The SSC had extensive discussions concerning the Earth Simulator (ES), a vector supercomputer system being developed in Japan. At NCAR, Maurice Blackmon and Frank Bryan are involved in a project to use POP on this vector machine to perform high-resolution eddy resolving ocean simulations. The project also proposes IPCC simulations to be performed by CRIEPI using a vectorized version of CCSM. The discussion within the SSC was spirited, with Maurice advocating collaboration with CRIEPI and with other SSC members asking how this will benefit CCSM. The main concern appears to be that CCSM resources (people's time, expertise) are needed to code and test the vectorized CCSM, but the broad CCSM community would not have vector computing resources available. Also, diversion of resources would slow the pressing tasks associated with getting CCSM ready for the IPCC runs to be performed on NCAR computing machines, while facilitating IPCC runs to be performed by CRIEPI. Of particular interest are efforts by Fujitsu America and LANL to vectorize the LANL sea ice model (CICE). There is general interest in PCWG to consider whether and how to create a single CSIM code that runs efficiently on both vector and parallel machines. This is discussed further in later sections.
The SSC is planning for the 2003 CCSM Workshop, including some changes to the format. This year the PCWG meeting will be run simultaneously with the Paleo WG, so that participants can attend both the Polar and the Climate Change WG meetings.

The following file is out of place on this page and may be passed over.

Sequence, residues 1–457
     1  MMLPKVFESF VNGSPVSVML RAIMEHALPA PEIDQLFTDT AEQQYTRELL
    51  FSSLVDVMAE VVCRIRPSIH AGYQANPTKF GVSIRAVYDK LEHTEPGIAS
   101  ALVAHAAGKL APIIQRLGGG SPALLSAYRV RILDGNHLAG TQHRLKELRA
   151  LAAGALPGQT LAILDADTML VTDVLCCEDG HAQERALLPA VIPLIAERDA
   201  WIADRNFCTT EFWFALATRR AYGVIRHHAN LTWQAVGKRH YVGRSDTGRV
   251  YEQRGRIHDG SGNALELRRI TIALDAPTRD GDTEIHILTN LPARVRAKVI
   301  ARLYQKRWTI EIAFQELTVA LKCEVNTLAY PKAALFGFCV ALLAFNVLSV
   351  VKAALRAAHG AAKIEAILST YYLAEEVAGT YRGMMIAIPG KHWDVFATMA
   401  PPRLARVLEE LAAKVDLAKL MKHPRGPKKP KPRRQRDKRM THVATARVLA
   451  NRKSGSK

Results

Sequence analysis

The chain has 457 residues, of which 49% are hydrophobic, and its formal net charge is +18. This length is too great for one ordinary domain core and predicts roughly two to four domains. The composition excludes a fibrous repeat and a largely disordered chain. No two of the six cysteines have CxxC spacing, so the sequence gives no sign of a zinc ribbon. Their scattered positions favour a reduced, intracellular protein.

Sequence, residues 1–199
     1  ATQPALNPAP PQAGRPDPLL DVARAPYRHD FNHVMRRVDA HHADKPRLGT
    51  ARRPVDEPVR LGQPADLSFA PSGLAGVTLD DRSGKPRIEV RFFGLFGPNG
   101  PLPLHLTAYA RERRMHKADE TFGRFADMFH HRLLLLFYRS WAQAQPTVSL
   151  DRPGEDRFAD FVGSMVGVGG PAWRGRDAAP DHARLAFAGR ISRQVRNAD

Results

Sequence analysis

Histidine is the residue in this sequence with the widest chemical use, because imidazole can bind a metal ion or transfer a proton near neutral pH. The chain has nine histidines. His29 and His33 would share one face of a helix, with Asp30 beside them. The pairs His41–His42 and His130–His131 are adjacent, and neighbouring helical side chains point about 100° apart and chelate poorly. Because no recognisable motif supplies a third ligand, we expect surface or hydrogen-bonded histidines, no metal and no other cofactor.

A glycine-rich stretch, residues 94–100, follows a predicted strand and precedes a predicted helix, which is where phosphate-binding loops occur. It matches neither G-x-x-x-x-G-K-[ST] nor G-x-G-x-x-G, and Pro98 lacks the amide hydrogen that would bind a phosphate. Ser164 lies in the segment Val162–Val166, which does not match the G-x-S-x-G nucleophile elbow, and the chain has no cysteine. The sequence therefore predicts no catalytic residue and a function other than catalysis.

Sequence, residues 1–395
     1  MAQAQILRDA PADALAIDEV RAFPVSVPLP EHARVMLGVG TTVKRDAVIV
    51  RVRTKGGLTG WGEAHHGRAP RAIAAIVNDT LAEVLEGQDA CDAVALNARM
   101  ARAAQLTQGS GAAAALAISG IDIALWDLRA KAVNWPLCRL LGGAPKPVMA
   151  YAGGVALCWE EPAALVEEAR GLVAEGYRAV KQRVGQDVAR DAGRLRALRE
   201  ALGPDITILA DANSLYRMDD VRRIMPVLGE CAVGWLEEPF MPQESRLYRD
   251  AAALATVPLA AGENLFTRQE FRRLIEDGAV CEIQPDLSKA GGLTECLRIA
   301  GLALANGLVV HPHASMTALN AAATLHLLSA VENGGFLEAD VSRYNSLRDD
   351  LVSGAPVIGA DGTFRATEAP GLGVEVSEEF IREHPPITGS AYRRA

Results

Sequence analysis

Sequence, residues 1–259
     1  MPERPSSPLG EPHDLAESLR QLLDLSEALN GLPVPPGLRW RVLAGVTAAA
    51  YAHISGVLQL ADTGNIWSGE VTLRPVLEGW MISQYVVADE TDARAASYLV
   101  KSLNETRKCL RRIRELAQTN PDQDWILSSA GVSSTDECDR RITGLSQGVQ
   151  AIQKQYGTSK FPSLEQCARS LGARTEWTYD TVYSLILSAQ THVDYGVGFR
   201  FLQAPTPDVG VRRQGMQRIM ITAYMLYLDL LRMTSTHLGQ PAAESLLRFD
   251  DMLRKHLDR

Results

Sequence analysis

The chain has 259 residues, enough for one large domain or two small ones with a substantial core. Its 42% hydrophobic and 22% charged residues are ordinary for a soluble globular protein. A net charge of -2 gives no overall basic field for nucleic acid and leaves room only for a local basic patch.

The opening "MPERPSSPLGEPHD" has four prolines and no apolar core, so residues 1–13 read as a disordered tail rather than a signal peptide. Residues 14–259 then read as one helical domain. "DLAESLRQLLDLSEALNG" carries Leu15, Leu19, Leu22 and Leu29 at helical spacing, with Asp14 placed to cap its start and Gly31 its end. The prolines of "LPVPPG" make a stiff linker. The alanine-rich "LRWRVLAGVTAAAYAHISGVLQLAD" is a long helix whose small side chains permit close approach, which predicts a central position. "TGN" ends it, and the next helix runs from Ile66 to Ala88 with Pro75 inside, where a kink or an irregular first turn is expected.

Phil Merilees added that the SSC and NSF-ATM (Jay Fein) have available $25K to support outreach, especially visits by active CCSM scientists to universities. Such visits would be designed to inform the broader community of CCSM models, research and opportunities, and to drum up interest in the CCSM.
The SSC discussed the Climate Change plan of the current federal administration. It was noted that the CCSM plan would now include a section on "Applied Climate Modeling" that deals with IPCC and similar experiments.
The SSC is promoting collaboration between CCSM and GFDL, which is already active. Mike Winton is trying to identify and hire an appropriate postdoc to implement the CSIM in the new GFDL climate modeling framework. The (old Manabe/Bryan) GFDL model has a large global delta-T under greenhouse forcing, but rather small polar amplification (even though the magnitude of delta-T in the polar regions is quite large). Alex Hall suggests this grassroots effort be expanded to include others, e.g., Tom Delworth.